Matt Walker is an eight-time Ovation Award winner, as well as the recipient of an O.C. Weekly Award for Career Achievement, the Los Angeles Drama Critics Circle Margaret Harford Award for Sustained Excellence in Theater, and the LADCC's Joel Hirschorn Award for Outstanding Achievement in Musical Theater. As artistic director of the Troubadour Theater Company, he has adapted and directed over 30 original productions at venues including the Carpenter Center, La Mirada Theater for the Performing Arts, Getty Villa, Roxy, Falcon Theatre, Ford Theatres and Laguna Playhouse, among others. As a performer. he appeared at ICT in Lend Me a Tenor, Noises Off and Loot. He has trained with notable performers and organizations including Bill Irwin, Second City Improv, the Royal Shakespeare Co., the San Francisco Mime Troupe and Cirque du Soleil. He is a graduate of Ringling Bros. Clown College and did time as a circus clown for Ringling. He currently serves as adjunct professor of clowning and commedia for the MFA acting program at USC, in addition to his duties as a show director for Universal Studios Hollywood.

International City Theatre was born in 1985 when Shashin Desai opened a 99-seat black box theater on the campus of Long Beach City College where he was chairman of the drama department. From the beginning, the fledgling company attracted critical acclaim and multiple awards - including the Los Angeles Drama Circle's prestigious Margaret Harford Award for "Sustained Excellence in Theater." Determined to build a high quality professional, mid-size theater company in the City of Long Beach, Desai was delighted to receive encouragement from the Mayor and City Council to move International City Theatre downtown to the Center Theater at the Long Beach Performing Arts Center. By 1996, ICT was producing simultaneous seasons on the college campus and at the Performing Arts Center. In 1999, the Long Beach City Council proclaimed International City Theater the "Professional Resident Theater Company" at the Long Beach Performing Arts Center. A year later, ICT made the choice to invest entirely in the downtown, mid-size theater with an annual five-play season. When Desai retired in 2011, ICT's board of directors unanimously approved caryn desai, ICT's general manager since 1990, to take the reins as producing artistic director. The 2015 season marks the fifth under the leadership of caryn desai.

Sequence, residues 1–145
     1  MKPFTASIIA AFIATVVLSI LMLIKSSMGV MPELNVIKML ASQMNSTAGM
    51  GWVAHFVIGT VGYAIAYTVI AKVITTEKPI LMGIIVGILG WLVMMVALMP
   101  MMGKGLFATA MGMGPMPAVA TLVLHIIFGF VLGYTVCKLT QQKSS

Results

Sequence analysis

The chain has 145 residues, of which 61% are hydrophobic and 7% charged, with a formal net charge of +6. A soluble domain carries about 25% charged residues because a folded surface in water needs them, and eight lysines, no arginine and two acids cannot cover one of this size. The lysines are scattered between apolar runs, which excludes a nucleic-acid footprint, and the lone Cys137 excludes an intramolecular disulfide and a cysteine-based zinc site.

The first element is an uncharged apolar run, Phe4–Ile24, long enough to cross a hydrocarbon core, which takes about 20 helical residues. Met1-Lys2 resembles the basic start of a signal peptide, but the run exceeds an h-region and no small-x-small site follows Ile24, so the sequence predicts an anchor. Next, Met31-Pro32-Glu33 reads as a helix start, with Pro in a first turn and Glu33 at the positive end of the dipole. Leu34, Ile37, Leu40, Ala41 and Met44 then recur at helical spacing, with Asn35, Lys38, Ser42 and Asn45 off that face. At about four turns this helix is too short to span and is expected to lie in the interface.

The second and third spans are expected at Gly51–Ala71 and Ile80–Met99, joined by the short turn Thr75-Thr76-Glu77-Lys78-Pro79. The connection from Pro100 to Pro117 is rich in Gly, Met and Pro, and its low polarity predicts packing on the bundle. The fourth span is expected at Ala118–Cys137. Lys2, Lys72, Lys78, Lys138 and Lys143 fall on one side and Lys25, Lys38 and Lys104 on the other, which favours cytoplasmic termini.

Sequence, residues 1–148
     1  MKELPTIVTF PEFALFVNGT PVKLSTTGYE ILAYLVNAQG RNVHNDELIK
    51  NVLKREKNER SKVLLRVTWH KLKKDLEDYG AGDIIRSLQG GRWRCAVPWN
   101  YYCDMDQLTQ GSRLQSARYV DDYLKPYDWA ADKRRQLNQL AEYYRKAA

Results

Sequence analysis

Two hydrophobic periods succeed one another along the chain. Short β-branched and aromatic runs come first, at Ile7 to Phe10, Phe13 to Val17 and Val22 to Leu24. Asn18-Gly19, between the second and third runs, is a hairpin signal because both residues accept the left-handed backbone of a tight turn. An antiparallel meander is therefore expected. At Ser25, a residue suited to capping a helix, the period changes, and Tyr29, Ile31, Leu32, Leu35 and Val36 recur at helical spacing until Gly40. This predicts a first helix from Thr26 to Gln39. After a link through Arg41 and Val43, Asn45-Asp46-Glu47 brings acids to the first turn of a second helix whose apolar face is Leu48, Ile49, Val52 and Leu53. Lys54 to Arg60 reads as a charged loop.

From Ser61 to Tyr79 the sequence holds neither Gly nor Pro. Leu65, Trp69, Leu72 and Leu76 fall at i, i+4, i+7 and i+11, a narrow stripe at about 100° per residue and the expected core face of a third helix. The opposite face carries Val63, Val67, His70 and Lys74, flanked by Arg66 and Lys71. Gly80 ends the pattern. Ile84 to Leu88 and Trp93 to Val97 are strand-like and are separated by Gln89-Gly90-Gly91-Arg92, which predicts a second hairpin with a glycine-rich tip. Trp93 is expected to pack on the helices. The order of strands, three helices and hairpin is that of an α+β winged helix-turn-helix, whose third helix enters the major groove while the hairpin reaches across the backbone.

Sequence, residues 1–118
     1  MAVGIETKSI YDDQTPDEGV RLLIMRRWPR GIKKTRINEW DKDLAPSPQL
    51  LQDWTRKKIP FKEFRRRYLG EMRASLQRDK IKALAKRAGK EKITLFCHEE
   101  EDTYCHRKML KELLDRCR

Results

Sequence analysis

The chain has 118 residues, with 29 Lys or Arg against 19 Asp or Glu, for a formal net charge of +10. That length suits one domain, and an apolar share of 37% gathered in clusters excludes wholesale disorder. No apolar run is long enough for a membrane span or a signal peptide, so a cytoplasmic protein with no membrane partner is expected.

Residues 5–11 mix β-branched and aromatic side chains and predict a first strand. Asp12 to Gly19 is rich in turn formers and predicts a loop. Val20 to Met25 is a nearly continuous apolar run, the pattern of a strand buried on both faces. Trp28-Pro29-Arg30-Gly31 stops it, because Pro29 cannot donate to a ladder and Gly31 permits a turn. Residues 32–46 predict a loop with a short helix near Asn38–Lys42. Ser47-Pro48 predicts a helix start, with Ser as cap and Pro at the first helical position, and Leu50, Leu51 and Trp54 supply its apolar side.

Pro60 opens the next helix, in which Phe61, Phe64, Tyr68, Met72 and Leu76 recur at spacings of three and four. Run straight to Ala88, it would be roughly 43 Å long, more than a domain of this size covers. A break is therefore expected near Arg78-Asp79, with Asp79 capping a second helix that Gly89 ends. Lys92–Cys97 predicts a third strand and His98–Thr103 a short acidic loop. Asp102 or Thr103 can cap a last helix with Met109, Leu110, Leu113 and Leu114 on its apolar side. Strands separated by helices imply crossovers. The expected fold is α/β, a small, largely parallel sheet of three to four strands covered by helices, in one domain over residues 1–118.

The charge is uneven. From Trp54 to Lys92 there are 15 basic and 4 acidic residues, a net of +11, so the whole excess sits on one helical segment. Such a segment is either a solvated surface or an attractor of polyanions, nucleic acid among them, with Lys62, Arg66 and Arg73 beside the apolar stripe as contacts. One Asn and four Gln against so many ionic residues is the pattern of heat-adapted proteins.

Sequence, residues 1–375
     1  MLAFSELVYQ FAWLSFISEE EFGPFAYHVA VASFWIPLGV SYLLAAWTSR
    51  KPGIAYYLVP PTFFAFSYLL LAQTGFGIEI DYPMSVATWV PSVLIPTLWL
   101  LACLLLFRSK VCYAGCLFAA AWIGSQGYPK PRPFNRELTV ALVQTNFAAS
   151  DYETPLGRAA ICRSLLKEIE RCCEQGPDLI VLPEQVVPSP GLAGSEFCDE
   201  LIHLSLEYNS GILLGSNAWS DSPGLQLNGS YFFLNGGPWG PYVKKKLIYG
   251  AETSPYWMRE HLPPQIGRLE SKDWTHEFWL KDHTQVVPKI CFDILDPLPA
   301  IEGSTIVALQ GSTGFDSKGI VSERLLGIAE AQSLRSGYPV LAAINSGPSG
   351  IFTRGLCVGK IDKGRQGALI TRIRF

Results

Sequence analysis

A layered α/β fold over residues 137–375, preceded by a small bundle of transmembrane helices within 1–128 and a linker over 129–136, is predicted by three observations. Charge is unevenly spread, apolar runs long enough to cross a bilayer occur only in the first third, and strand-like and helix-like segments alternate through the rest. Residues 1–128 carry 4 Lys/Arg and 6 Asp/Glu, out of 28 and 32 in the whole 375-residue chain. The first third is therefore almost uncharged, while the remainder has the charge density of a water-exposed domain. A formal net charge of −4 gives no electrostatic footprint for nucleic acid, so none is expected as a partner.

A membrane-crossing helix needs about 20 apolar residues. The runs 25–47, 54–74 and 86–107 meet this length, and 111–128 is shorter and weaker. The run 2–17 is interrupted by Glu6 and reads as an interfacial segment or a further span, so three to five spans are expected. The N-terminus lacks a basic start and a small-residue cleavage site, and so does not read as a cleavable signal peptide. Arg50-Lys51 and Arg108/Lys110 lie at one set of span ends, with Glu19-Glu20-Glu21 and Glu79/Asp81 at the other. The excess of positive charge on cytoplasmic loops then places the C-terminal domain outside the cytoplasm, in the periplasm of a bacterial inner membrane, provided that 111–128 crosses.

Set design for the ICT production is by Christopher Scott Murillo, lighting design is by Jeremy Pivnick, costume design is by Kim DeShazo, sound design is by Mark McClain Wilson, props are by Patty, Gordon and Christopher Briles, wigs are by Anthony Gagliardi, casting is by Michael Donovan Casting and the production stage manager is Pat Loeb.

The Heir Apparent runs Thursdays, Fridays and Saturdays at 8 p.m. and Sundays at 2 p.m., June 19 through July 12. Two preview performances take place on Wednesday, June 17 and Thursday, June 18 at 8 p.m. Tickets are $46 on Thursdays and Fridays, and $48 on Saturdays and Sundays, except opening night (June 19), for which tickets are $54 and include a post-performance reception with the actors, and previews which are $34. International City Theatre is located in the Long Beach Performing Arts Center at 300 E. Ocean Blvd. in Long Beach, CA 90802. For reservations and information, call the ICT Box Office at 562-436-4610 or